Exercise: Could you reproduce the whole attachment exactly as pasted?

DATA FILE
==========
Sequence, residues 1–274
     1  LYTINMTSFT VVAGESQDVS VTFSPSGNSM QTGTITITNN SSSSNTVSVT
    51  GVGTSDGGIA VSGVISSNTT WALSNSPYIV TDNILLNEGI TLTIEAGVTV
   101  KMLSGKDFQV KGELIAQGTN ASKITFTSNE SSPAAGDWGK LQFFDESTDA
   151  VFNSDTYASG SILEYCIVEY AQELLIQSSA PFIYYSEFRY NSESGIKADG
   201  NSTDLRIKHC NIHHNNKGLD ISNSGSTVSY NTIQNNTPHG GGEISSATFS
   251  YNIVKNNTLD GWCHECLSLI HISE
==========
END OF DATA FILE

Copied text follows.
Sequence, residues 1–274
     1  LYTINMTSFT VVAGESQDVS VTFSPSGNSM QTGTITITNN SSSSNTVSVT
    51  GVGTSDGGIA VSGVISSNTT WALSNSPYIV TDNILLNEGI TLTIEAGVTV
   101  KMLSGKDFQV KGELIAQGTN ASKITFTSNE SSPAAGDWGK LQFFDESTDA
   151  VFNSDTYASG SILEYCIVEY AQELLIQSSA PFIYYSEFRY NSESGIKADG
   201  NSTDLRIKHC NIHHNNKGLD ISNSGSTVSY NTIQNNTPHG GGEISSATFS
   251  YNIVKNNTLD GWCHECLSLI HISE